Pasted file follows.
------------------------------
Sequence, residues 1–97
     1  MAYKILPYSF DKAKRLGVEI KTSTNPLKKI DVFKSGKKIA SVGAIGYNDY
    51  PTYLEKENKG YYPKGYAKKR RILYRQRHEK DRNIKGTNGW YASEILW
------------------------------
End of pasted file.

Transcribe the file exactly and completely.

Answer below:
Sequence, residues 1–97
     1  MAYKILPYSF DKAKRLGVEI KTSTNPLKKI DVFKSGKKIA SVGAIGYNDY
    51  PTYLEKENKG YYPKGYAKKR RILYRQRHEK DRNIKGTNGW YASEILW